Bukele has taken steps to take over the judiciary and consolidate his hold on power. In Honduras, President Juan Orlando Hernández has been implicated in a major drug-trafficking case in which his brother was sentenced to life in prison by a New York court. Guatemalan President Alejandro Giammattei has attempted to squash independent courts and corruption investigations and is thought to be beholden to the country’s powerful oligarchs.
Isn’t the history of U.S. involvement in Central America long and controversial? Does the U.S. bear responsibility for the troubles besetting the Northern Triangle?
Yes, and yes.
For much of the last two centuries, the United States regarded parts of Central America as its private plantation for the growing of bananas and other fruit, or a landscape for wild adventures and colonization, or a proxy battleground in fights against communism.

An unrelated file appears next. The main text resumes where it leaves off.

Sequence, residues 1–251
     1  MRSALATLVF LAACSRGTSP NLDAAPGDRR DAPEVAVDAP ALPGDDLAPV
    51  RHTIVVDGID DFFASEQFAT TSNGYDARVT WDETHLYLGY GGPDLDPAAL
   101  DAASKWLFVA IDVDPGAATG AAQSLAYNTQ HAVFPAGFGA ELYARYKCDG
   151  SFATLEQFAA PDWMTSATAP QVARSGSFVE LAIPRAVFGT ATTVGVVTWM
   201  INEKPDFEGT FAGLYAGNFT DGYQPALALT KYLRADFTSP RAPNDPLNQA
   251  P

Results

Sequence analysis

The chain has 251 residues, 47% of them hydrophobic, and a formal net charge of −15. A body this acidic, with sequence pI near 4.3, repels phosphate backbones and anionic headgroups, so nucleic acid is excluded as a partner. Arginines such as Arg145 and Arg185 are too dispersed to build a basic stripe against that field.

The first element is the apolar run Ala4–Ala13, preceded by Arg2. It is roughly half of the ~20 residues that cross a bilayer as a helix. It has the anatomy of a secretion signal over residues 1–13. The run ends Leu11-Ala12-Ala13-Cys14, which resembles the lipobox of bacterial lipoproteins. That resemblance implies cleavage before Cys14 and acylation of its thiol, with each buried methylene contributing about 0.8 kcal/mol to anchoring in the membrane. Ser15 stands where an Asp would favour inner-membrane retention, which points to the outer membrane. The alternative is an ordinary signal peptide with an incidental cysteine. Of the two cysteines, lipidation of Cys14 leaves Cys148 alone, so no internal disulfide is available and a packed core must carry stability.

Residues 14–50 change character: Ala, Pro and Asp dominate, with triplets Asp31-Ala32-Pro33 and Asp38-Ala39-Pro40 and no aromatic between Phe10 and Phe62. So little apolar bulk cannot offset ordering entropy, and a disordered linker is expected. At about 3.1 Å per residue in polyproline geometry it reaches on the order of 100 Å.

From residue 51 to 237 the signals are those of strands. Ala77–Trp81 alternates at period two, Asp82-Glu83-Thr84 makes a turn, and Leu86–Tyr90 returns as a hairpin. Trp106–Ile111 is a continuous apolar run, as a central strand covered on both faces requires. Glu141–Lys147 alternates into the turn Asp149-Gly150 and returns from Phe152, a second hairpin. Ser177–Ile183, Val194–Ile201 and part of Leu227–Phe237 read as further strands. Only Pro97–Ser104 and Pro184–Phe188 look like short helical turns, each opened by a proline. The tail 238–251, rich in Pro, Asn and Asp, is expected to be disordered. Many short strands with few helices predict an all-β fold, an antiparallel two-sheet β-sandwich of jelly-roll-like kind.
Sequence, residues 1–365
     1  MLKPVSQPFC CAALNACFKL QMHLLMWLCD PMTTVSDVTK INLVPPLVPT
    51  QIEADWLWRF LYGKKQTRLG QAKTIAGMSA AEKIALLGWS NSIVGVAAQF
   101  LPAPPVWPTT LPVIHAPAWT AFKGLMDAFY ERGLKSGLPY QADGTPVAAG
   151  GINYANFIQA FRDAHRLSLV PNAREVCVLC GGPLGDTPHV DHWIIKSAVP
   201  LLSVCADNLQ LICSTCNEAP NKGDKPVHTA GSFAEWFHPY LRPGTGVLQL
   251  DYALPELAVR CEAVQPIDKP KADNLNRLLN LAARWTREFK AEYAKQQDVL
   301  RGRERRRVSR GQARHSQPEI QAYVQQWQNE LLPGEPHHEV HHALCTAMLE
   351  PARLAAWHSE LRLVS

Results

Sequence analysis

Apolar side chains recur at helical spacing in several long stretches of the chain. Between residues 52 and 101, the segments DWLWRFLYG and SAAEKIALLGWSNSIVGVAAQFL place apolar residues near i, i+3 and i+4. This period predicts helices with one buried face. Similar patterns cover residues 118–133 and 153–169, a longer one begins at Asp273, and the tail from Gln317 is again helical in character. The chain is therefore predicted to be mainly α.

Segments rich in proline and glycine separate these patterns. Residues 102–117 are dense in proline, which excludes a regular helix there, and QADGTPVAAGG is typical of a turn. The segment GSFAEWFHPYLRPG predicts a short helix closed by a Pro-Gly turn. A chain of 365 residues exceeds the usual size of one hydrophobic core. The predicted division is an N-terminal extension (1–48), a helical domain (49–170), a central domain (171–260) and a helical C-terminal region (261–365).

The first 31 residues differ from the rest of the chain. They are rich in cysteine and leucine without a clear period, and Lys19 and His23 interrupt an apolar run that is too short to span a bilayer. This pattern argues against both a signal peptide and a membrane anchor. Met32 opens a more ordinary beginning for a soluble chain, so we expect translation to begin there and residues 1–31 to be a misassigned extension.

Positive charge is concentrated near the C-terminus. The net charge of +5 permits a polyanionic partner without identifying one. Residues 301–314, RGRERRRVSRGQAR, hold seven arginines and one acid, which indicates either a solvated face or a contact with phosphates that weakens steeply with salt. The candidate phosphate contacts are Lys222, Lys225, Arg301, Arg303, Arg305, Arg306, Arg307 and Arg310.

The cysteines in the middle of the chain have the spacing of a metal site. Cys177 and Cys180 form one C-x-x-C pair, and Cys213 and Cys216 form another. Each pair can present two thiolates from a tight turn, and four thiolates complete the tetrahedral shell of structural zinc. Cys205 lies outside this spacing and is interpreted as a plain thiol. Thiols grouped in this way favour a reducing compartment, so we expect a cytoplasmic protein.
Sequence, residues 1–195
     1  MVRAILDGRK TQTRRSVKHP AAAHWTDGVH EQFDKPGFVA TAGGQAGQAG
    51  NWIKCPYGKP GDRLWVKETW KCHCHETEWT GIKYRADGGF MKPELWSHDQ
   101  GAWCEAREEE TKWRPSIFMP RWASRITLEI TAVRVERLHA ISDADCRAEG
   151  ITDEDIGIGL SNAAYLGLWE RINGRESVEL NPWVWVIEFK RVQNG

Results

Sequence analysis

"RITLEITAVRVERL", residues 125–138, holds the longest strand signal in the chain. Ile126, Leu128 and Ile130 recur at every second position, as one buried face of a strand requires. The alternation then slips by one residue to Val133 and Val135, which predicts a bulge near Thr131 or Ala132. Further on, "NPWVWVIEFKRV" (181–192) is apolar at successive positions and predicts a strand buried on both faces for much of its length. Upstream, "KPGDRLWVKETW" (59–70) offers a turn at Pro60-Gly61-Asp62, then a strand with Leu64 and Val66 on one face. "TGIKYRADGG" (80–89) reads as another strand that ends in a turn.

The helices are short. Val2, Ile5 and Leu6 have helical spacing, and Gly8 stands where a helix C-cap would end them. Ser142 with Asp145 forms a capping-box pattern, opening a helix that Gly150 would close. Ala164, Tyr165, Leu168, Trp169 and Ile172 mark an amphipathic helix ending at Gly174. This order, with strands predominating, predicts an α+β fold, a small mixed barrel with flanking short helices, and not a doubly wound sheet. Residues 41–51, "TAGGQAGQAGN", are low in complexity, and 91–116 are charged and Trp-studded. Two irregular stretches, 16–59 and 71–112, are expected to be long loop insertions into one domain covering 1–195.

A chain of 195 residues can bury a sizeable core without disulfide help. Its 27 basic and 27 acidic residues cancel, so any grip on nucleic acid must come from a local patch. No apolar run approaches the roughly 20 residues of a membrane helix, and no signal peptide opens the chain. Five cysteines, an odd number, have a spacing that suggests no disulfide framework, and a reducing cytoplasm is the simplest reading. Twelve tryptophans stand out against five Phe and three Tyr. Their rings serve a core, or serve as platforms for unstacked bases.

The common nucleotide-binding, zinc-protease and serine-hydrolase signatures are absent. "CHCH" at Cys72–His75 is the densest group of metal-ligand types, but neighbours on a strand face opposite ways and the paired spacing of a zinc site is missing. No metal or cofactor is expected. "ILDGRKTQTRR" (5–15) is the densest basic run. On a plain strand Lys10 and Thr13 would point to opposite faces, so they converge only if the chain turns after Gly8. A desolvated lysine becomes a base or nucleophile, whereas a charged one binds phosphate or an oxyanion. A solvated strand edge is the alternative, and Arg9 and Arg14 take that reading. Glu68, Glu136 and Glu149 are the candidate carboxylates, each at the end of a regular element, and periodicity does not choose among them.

U.S. officials considered it to be in their own interest to further the subjugation of Central Americans, often by overthrowing leftist leaders like Jacobo Árbenz Guzmán in Guatemala in the 1950s or
by lending support to dictators like Nicaragua’s Anastasio Somoza in the 1960s and ’70s.
Nicaragua remains a deeply divided, repressive, impoverished country after wars and misrule. But the Biden administration did not include it in the Northern Triangle because most Nicaraguans who flee their country head south, to Costa Rica or Panama. (Nicaraguans who sought refuge in the U.S. in the ’80s found an easier path to legal status because then-President Reagan judged they had fled communism.)
In the Northern Triangle, U.S. interventionism stifled democratic political development that troubles these countries to this day.